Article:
Towards a deeper shade of green in Europe

By Vanora Bennett

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Climate finance experts unveil “green dictionary” and “add grammar”

The practical side of Europe’s green planning went on display today 12 March when the EU Taxonomy – a vast dictionary of definitions of exactly what constitutes genuine greening across the full range of real-life commercial applications – was discussed at a web-based stakeholder dialogue led by the climate experts who have spent two years designing it.

The Technical Expert Group on Sustainable Finance have in recent days also published both their report on the EU's classification of green economic activities – or taxonomy – and a report applying similar thinking to the issuance of green bonds funding green projects, the EU Green Bond Standard. Through these reports, investors and industry have for the first time been given a definition of what is “green”, rather than just “greenwashing”, or looking green. This will give a real boost to sustainable investments.

Thursday’s webinar replaces what before the outbreak of coronavirus had been intended to be a physical gathering in Brussels. It gives the technical experts – who hail from across civil society, academia, business and the finance sector, and assist the Commission in developing policies on sustainable finance - an opportunity to present and discuss their final reports.

This work provides the detailed technical knowledge that makes it possible to implement the €1 trillion EU Green Deal announced by European Commission boss Ursula von der Leyen in December - a roadmap with actions to boost the efficient use of resources by moving to a clean, circular economy restore biodiversity and cut pollution. The EU Green Deal outlines investments needed and financing tools available to achieve the ambition of climate neutrality by 2050, and explains how to ensure a just and inclusive transition.

The completion and presentation of the reports is a vital step in organising sustainable finance to make Europe climate neutral by 2050, Valdis Dombrovskis, Executive Vice-President for an Economy that Works for People, said in a statement when they were published on 9 March:

“These reports … provide excellent input for us to develop our final standards on climate change mitigation and climate change adaptation. They will also help us establish EU green bond standards as part of broader measures to spur the take-up of sustainable finance in Europe.”

The report on taxonomy leads to the natural next step. The EBRD’s Carel Cronenberg, a member of the Technical Expert Group who has led work on defining criteria for the manufacturing industry, calls this “adding grammar” to the “green dictionary” of the EU Taxonomy.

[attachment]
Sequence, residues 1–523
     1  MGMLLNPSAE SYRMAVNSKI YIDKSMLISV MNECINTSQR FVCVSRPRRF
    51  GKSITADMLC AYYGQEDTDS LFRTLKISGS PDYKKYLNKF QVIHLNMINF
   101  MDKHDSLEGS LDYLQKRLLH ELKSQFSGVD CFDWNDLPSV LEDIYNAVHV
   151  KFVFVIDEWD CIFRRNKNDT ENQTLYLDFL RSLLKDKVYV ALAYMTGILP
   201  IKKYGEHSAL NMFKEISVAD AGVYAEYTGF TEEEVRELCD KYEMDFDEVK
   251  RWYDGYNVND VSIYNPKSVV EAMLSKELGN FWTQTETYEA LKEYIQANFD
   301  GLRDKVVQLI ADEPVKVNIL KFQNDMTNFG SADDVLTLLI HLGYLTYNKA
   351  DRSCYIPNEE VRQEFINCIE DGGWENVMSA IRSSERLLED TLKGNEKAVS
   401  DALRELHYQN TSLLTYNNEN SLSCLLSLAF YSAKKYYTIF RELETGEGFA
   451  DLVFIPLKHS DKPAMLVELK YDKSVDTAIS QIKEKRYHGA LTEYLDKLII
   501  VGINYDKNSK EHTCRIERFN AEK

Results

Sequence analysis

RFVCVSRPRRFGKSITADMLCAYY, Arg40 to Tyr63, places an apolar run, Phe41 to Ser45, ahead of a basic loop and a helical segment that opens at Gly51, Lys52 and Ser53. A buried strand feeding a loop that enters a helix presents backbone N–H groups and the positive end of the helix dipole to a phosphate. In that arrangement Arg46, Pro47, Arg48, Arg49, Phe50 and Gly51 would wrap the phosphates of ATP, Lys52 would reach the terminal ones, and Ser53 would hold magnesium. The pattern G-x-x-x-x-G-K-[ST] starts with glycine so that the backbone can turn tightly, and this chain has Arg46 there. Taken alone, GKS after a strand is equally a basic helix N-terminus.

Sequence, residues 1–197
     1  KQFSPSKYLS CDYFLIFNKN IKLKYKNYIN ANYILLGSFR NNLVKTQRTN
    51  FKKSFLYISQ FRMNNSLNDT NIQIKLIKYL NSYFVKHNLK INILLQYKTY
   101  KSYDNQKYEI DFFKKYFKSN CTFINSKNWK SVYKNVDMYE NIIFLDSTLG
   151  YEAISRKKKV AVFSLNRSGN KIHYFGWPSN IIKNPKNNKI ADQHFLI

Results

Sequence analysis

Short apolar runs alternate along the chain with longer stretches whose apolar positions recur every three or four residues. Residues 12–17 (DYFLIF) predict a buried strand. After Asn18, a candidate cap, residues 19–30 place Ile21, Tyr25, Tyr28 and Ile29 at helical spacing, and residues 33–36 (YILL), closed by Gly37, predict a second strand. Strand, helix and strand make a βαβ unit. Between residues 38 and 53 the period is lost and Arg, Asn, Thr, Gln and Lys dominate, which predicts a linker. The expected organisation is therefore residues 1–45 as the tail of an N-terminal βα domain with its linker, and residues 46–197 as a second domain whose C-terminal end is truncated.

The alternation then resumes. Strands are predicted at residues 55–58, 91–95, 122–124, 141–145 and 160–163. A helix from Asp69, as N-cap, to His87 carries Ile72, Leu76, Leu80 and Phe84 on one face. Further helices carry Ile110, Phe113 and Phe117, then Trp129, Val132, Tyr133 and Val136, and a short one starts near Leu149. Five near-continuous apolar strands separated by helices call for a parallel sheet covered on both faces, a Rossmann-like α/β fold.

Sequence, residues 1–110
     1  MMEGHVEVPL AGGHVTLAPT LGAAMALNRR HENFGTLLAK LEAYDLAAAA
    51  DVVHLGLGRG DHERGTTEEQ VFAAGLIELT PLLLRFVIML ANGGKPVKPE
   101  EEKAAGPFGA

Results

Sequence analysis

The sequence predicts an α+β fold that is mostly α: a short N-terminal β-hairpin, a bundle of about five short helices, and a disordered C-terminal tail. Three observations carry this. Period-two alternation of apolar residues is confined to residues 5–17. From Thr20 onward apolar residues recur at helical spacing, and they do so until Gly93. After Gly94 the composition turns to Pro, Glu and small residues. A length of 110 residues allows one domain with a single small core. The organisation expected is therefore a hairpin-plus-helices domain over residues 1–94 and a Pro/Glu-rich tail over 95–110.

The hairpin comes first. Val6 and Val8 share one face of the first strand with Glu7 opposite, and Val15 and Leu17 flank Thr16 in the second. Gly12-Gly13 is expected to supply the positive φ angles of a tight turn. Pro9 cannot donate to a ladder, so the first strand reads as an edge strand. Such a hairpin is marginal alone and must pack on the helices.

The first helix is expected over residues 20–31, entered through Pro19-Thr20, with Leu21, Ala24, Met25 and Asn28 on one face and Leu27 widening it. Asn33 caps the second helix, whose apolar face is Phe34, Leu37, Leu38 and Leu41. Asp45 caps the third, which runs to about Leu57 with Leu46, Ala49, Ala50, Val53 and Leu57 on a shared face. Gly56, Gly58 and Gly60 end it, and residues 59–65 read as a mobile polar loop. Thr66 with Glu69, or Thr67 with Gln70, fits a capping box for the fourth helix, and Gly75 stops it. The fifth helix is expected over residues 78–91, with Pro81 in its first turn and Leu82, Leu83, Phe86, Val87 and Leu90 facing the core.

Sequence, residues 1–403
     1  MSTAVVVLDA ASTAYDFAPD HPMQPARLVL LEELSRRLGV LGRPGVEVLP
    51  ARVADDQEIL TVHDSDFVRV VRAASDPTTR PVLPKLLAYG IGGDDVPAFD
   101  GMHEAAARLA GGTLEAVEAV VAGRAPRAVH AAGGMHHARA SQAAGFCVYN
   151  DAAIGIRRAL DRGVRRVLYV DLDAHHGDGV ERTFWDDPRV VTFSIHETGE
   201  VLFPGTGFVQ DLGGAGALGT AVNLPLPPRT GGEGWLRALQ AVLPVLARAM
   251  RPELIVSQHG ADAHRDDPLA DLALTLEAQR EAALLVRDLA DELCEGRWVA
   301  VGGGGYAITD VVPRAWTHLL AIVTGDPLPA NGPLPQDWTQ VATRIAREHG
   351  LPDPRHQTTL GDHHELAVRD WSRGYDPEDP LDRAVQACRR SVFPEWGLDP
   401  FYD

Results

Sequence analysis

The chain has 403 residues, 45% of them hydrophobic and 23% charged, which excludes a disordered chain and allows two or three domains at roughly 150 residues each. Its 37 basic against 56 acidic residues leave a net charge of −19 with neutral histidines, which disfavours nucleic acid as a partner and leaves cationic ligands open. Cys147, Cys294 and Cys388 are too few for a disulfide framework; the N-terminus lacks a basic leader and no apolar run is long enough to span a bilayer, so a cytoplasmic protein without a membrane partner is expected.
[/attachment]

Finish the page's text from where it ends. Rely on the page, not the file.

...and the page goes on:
The taxonomy report includes guidance on how companies and financial institutions can use it. The Commission will use this report as a basis to develop rules setting out the EU's classification of green activities for climate change mitigation and climate change adaptation. It will adopt the classifications for climate change mitigation and climate change adaptation in the form of Delegated Acts by the end of 2020, as set out in the Taxonomy Regulation.

Translating climate ambition into investments on the ground that actually reduce carbon emissions to a level compatible with the 2015 Paris Agreement’s goal to keep global warming to no more than 2C, or if possible a more ambitious 1.5C, requires practical - and brave - thinking in the next few years if carbon neutrality is to be achieved by 2050.

One example of why, given by the EBRD’s Cronenberg, is that much of the planning necessarily has to be not just about visibly clean and virtuous investments in “deep green” renewables projects, but also about helping the currently unsustainable parts of the economy transition towards lower carbon use.

European countries’ emissions – especially those where the EBRD works – include many areas high in carbon and in urgent need of transition. To be effective, any programme of decarbonisation must focus on substantially lower emissions in high-carbon sectors.

With the rules of green finance slowly taking shape, some green investors have fought shy of investing in sectors as counter-intuitive as steel or cement or chemical production or air travel or roads.

But having a reliable system of measurement should make it easier to understand the green value of these investments in a more sophisticated way – specifically, by making it clear that they offer big carbon emissions savings.

“Should we stop financing cement plants? I would say there is not an alternative for cement yet,” comments Cronenberg. “We will need a lot of cement in climate adaptation. So we’d better work with the cement sector to help them to decarbonise. And that’s why the EU Taxonomy specifically has developed criteria for those high-emitting sectors.”

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